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Flash Fiction: Iron Lady

Spellbound (1945 film)

Spellbound (1945 film) (Photo credit: Wikipedia)

Memories raced back through Dolly’s mind, of her first husband, Jack.

She squeezed the handle hard, and as steam hissed out in front of her, she could see his face. His china blue eyes and quick smile. His fair hair, always perfectly coiffed, brushed back in a quiff with Brylcream. He had been a good‐looking man, in his day.

Running the iron back‐and‐forth, across the snow white fabric, she wondered what the owner of this shirt looked like. She inhaled the faint scent of Old Spice still ensconced in the size 18 collar. Obviously a tall man. Big build. Maybe along the lines of Gregory Peck? She hummed the music from Spellbound, seeing herself as Ingrid Bergman, as she deftly manoeuvred the iron in between the buttons.

Twenty minutes later, as she hung the last of the twelve shirts onto a hanger and covered them with plastic, she heard the bell above the front door jangle.

“Dolly, have you got the ironing for Margaret Harris finished yet?” shouted Paul from the counter.

“Just finished this minute, but it wasn’t due to be collected until Tuesday,” said Dolly. As she walked out to the counter with the crisp, white cotton; she glanced in the mirror. Her curly, auburn hair nestled around her neck, sticking out slightly on the right. Probably from all the steam, she thought, pushing it behind her ear. She pressed her lips together, enlivening the pale pink lipstick she had glided on earlier in the morning.

“Oh, sorry about that,” smiled the tall man at the counter. “My housekeeper, Margaret, normally does my ironing, but she slipped. Broke her arm. I just dropped them in this morning on my way for a round of golf and thought I’d check to see if there was any chance they were ready on my way back. Well, my luck is in,” he smiled at Dolly.

He had a nice smile, she thought. Well dressed too, in a black polo shirt and black trousers. His face was lightly sun‐tanned and his cheeks ruddy. His mop of grey hair stuck up in tufts, but it was his blue eyes, housed beneath long dark lashes, that drew her attention.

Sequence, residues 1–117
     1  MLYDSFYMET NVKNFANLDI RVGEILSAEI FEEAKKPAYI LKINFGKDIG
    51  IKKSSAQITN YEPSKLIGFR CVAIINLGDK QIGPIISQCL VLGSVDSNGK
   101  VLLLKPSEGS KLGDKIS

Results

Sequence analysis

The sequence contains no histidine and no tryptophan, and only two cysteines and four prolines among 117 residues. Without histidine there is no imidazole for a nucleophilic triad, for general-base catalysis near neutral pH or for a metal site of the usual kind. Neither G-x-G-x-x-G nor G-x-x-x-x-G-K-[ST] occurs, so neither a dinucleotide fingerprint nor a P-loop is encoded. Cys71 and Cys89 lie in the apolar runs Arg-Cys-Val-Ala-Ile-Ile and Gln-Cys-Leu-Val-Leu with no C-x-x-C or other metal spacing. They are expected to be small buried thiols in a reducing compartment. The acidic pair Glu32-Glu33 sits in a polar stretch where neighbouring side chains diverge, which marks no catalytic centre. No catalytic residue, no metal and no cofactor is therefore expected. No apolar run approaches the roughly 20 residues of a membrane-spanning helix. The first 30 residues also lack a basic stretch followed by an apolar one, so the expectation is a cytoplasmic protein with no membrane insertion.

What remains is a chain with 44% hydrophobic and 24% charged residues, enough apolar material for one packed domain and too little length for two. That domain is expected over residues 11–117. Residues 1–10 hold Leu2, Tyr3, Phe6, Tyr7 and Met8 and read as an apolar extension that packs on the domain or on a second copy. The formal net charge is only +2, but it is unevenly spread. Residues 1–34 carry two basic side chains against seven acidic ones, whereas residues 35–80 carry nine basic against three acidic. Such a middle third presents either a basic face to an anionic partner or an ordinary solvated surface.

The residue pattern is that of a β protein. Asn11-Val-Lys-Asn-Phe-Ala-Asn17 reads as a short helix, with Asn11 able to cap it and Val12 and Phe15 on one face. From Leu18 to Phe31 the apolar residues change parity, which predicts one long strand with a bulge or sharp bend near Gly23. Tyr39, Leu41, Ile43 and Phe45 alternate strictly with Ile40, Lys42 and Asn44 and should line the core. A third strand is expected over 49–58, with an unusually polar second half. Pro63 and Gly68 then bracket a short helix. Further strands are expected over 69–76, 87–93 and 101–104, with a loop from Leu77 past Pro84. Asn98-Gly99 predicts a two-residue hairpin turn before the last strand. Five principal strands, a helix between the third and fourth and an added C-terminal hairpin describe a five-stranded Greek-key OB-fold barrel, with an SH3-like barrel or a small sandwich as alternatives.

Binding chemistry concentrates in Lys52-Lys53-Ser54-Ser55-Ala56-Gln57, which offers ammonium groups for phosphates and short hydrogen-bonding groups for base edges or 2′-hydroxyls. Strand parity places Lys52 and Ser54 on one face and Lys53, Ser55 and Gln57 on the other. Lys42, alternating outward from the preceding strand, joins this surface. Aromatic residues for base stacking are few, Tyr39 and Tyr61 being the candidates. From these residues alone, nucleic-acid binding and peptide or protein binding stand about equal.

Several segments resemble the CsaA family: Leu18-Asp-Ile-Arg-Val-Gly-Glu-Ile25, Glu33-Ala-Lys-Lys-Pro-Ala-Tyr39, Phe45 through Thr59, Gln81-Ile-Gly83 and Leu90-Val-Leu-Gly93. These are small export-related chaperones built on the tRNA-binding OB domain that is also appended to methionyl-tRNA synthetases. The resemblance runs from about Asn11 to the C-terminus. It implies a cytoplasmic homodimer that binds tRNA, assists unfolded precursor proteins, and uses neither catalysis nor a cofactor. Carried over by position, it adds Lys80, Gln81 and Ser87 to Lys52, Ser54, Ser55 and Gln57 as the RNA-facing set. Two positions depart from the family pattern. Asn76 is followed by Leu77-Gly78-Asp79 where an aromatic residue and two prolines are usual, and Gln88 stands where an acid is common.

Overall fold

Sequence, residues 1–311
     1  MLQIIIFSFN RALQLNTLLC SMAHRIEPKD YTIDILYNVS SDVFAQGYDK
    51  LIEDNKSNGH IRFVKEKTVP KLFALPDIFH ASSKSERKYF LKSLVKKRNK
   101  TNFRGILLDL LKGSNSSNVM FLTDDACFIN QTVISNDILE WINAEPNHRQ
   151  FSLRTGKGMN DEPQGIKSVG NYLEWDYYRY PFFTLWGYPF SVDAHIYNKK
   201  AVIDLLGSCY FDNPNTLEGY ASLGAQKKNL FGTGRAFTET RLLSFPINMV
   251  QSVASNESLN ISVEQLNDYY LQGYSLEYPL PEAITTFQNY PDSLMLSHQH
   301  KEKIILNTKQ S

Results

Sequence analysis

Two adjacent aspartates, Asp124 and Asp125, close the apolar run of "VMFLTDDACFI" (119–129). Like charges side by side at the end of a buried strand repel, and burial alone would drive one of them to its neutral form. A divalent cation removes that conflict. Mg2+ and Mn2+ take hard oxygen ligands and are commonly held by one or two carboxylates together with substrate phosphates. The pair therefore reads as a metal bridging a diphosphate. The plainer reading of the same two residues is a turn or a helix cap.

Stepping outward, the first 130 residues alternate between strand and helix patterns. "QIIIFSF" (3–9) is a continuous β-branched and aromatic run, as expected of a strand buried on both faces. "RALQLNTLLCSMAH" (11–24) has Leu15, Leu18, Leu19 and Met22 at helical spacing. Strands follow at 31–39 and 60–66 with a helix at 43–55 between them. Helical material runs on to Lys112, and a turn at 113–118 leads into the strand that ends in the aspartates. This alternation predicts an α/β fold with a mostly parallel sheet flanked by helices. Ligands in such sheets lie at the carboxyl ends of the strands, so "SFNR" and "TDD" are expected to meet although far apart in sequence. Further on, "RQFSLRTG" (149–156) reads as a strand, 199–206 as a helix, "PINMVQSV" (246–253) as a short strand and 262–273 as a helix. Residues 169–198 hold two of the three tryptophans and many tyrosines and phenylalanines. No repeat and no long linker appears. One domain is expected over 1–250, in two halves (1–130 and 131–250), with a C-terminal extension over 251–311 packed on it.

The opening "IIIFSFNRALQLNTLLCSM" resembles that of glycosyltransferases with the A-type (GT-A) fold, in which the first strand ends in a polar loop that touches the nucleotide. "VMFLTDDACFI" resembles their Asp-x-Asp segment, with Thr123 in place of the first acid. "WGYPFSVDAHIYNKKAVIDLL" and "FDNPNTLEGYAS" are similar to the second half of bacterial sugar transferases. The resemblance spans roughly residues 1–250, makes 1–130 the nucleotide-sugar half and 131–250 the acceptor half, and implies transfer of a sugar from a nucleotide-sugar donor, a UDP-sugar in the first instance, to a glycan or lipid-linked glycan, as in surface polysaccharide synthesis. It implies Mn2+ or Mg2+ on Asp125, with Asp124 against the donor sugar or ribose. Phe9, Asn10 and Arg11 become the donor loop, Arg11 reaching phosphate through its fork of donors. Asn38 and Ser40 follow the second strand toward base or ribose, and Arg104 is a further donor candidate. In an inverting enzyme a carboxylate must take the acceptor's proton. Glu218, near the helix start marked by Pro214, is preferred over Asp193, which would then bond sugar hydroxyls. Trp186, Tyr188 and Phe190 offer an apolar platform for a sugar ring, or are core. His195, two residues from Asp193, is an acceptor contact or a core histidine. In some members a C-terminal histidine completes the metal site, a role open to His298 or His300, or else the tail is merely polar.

“Well, it wasn’t too busy today,” smiled Dolly, passing the shirts across the counter. Their fingers brushed and she felt a tingle of pleasure run up her arm.

“How much do I owe you?”

“That’ll be €12, please,” said Paul, ringing it up on the register.

“No doubt I’ll be in again, at least until Margaret recovers. She’ll be mighty impressed with the creases in these,” he laughed, holding up the shirts. He handed Paul a €20 note.

“Well, we aim to please Fr!” said Paul, counting back the €8 change.

Dolly sauntered back to her ironing board.

She was wrong, she thought, not Gregory Peck, maybe more like her third husband, John. Starting on a new bag of ironing, she began to hum the theme tune to True Grit.

The Next Big Thing

Recently, I was approached by the extremely talented writer, Valerie Sirr, as she wanted to tag me in an on-line blogging chain – The Next Big Thing – a way for writers to promote their work-in-progress through a series of questions. Valerie, as I’m sure many of you know, is a Hennessy New Irish Writer winner – and if you’ve already read any of her short stories or poetry, then you’ll see why – if you haven’t yet, then you’ve a treat in store.  I’m a big fan of Valerie’s work – and was honoured to accept the challenge along with fellow writers, Celeste Augé and Brian Kirk.

So here goes!

My Next Big Thing:

I’ve been working on my debut novel – a crime fiction thriller set in New York City – for the guts (good choice of word considering my chosen genre!?!) of the last year.

In between, and to keep my writing ego buoyant, I’ve managed to produce a few short stories which have done extremely well – one was Long Listed in the RTÉ Guide/Penguin Ireland Short Story Competition, 2012, another has just been published in the Anthology of Original Writing from Ireland’s Own, 2012 and another was awarded First Prize in the Jonathan Swift Creative Writing Awards, 2012.

What is the working title of your book?

My title, as yet, is not set in stone.  I had originally opted for Killer’s Curse.  But on advice from a couple of writers I greatly admire, they figure that when I get published, the right cover will give readers an idea of what’s inside, so a title that’s a little less telling would suit better.  You noticed the ‘when’ – probably why I value their opinion so much!  I’ve a title in mind, but I want to hold it there and savour it for just a little while longer . . .

Where did the idea come from for the book?  

Reading a snippet about a killer and how he chose his victims set my mind racing and my fingers typing and they never stopped until I reached the end.

What genre does your book fall under?

It has to be crime fiction.  I’ve always been an avid reader and I’d read extensively, but I’ve always LOVED thrillers – in any shape or form – the thrill of guessing what’s going to happen next keeping the pages turning late into the night.  Sometimes you get it right and sometimes you don’t and occasionally you come across such a clever twist or turn that you really wish you’d been clever enough to come up with it.